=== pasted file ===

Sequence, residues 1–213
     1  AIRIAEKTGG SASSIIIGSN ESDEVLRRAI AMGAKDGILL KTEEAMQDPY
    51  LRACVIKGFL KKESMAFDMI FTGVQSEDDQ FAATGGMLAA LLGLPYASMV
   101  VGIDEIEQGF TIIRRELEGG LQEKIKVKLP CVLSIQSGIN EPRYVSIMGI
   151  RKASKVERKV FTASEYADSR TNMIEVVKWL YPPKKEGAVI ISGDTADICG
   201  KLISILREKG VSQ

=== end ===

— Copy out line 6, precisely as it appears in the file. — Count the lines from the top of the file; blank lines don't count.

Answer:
   201  KLISILREKG VSQ